Gerai Ah Kow Sesame Chicken Rice

by Farah on Fri, November 02, 2018

Brown crispy skin peppered with sesame seeds hides the luscious and succulent chicken flesh underneath. Eat them together with the rice, homemade garlic chilli and a little bit of the soup and you've reached chicken rice nirvana. Or you can do what I do. Peel that gorgeous sesame speckled skin off the flesh, muster some patience and keep them on the side of your plate to savour later. So good you can even eat them on their own.

Can you tell me how to get... how to get to Sesame Chook...

Foodster's Verdict

Gerai Ah Kow Sesame Chicken Rice
  • Address

    2 Medan Selera Jalan Raja Muda Abdul Aziz Lorong Raja Muda, 50300 Kuala Lumpur
    Tel: 016 3379971 (Mr. Kow) 016 2332273 (Eric) 018 2623168 (Kenny)

  • Open

    9.00 am - 4.00 pm ( closed on public holidays and Sundays )

  • Pros

    Great food and though the Missus' is a bit scary, service is pretty brisk.

  • Cons

    Ventilation's pretty bad here. It can really get hot in the afternoons so prepare to sweat it out a bit.

  • Price Range

    RM 15

  • Parking


  • Certification

    Pork Free

Steamed or roasted are usually the two options you get when you order chicken rice. Game for something different? Get out of your comfort zone and try the fried sesame chicken sold at Gerai Ah Kow.

Eric chopping his famous sesame horlicks chicken at the side
Hailing from Perak, Uncle Ah Kow ventured into the food business by selling noodles from his bicycle around the streets of KL in 1971. It was only in 1983 that he came up with the ingenious sesame chicken recipe and decided to open up a stall at Medan Selera Jalan Raja Muda Abdul Aziz. And the rest suffice to say is history. Now, he runs the stall with the help of his son, Eric and son in law, Kenny. Tables fill fast as soon as he starts selling his scrumptious sesame chicken at 11.45 am. He goes through 20 to 30 chickens per day so if you want a chance to sample them do come here by noon.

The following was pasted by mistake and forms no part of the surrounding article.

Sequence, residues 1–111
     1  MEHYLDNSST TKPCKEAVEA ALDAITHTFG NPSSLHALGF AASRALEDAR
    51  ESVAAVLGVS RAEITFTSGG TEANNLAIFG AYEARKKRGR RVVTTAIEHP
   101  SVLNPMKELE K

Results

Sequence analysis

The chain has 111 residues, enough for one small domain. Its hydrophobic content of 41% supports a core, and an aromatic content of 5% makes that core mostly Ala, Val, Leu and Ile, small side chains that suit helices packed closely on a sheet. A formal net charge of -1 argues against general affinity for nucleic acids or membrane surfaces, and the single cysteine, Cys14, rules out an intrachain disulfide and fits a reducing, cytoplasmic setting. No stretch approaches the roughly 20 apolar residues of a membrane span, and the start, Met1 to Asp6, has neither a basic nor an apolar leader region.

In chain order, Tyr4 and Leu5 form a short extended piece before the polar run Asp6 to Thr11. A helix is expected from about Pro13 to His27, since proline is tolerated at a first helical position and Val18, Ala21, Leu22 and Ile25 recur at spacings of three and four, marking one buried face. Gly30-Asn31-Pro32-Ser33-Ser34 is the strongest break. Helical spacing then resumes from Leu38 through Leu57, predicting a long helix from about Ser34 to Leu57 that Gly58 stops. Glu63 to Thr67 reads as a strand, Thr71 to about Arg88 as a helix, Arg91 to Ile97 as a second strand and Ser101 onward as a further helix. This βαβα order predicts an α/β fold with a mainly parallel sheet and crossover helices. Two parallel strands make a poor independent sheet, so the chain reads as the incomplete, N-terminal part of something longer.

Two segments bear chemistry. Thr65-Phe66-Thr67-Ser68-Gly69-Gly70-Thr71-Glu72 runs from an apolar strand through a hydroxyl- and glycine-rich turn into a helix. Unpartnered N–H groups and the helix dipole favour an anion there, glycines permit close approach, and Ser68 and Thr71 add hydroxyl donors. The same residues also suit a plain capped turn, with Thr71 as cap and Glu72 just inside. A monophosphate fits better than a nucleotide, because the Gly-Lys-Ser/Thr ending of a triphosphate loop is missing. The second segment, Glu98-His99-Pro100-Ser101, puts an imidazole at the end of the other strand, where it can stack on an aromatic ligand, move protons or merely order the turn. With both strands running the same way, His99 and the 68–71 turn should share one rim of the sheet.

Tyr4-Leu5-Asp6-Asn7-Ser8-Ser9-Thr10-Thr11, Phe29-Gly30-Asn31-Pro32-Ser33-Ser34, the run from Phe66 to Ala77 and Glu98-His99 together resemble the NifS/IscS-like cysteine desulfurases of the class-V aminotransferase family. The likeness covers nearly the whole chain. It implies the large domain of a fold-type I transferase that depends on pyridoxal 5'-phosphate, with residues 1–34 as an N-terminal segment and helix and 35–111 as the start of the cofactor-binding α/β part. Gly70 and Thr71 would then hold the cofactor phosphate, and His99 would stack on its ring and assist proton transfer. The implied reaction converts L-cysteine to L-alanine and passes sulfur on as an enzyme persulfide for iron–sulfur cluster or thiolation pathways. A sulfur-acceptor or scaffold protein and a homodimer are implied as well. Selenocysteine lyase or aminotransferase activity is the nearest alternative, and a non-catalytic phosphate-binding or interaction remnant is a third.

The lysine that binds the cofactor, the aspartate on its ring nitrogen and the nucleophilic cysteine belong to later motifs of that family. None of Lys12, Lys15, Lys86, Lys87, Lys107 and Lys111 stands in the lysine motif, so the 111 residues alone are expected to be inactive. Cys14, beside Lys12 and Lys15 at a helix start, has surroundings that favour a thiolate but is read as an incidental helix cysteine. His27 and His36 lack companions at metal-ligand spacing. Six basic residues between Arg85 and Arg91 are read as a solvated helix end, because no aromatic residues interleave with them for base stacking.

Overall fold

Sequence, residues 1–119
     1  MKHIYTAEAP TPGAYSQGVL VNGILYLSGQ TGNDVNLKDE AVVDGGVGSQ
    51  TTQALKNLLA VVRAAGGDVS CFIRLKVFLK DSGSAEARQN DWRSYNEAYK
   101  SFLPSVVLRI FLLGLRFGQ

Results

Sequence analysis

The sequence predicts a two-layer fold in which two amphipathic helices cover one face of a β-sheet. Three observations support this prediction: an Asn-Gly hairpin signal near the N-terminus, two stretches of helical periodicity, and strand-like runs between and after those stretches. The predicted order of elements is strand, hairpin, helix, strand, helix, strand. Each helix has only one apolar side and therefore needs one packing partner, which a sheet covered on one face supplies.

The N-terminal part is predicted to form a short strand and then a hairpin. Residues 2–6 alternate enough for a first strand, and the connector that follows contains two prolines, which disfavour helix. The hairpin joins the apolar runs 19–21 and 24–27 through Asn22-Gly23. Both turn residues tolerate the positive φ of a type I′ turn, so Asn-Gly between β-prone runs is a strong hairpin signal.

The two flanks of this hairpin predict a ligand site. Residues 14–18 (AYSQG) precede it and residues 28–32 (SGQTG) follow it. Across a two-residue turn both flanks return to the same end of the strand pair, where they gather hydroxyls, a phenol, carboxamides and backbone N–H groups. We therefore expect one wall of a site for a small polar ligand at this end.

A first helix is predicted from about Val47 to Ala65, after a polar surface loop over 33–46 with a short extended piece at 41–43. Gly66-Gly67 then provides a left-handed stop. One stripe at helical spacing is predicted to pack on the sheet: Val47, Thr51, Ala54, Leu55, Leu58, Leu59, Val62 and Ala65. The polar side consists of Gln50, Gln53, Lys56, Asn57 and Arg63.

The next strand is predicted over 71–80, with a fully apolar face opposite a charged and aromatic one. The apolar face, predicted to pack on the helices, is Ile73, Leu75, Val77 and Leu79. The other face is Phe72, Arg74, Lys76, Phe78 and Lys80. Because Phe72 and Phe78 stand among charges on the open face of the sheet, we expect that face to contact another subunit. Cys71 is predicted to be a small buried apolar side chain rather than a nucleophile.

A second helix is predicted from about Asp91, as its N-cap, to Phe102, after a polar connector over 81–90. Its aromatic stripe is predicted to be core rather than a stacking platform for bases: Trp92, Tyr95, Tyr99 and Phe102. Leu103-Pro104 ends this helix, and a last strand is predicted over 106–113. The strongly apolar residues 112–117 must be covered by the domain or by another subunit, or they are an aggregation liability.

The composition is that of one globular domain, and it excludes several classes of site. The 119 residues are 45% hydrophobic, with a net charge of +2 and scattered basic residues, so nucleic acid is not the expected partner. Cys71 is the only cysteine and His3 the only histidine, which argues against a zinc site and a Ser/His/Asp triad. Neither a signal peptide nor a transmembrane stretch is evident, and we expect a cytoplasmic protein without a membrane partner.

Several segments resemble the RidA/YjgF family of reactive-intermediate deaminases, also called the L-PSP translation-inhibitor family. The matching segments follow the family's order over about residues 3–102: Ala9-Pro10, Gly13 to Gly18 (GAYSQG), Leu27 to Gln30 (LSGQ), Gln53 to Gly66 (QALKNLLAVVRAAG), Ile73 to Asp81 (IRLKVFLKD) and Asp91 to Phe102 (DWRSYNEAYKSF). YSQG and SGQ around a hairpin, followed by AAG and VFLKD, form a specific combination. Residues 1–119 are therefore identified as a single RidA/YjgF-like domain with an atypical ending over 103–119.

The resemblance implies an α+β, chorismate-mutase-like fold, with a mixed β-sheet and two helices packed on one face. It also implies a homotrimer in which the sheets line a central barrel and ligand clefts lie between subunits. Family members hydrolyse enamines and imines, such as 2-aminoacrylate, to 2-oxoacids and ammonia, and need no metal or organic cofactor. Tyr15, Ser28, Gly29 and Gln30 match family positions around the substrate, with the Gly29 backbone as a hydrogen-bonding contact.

The famous sesame horlicks at the chopper
Sesame seeds add a wonderful nutty taste to the chicken and goes incredibly well with the kick-ass garlic chilli combo (spicier than most of the other chicken rice places I've tried). They also add more crunchiness to the golden fried skin. The rice and soup are quite decent but they act more like a supporting backdrop to the chicken that is obviously the star of the dish. The chicken slices are served on a bed of sliced cucumbers bathed in light soya sauce. I wonder how he gets the sesame seeds to stick to the skin? I suspect that he uses a thick liquid batter similar to the ones used for goreng pisang. Probably deep-fries in hot oil and drains it quickly so the skin stays grease free. It's all guess work because try as I might to pry it from him, Uncle Ah Kow will not divulged his recipe nor his cooking technique to me. He also serves the regular roasted and steamed variety here, but it's the sesame chicken that draws the crowd.

Full Set at GAK

We also tried Mee Kicap, which is another one of the specialty dishes here. Thin strands of noodles are coated with a thick bittersweet soya sauce and garnished with leafy greens and fish cakes. It's a dry noodle dish but if you like yours with some broth add a bit of the fish ball soup that comes with it. Mix the noodles with some bouncy fish balls and a sprinkle of pickled chillies and you're good to go. The dark soya quality of the noodles actually reminds me of Mee Kolok. Mee Kicap could actually be its Semenanjung cousin. Another recommended dish to try here is the Kari Laksa. Egg noodles cooked in rich curry gravy.


You can also get your drinks at the stall. Even though the food court is an al fresco establishment, the seating area gets pretty hot on a sunny day. You'll be sweating buckets so order a refreshing barley lime drink to cool you off. Right dab in the middle of KL, Gerai Ah Kow @ G.A.K serves great hawker food that will satisfy a fussy foodie. There are plenty of other stalls at the food court but clearly Gerai Ah Kow is in a league of its own. There is scarcely an unoccupied seat. Clothes pegs are used to indicate which order come from which table. It's kinda 'ole skool' but it's a system that works. Uncle Ah Kow likes to keep it simple. He doesn't have an extensive menu because he focuses on the dishes that he does best. Perfecting them over the years. That's why his customers keep on coming back for more.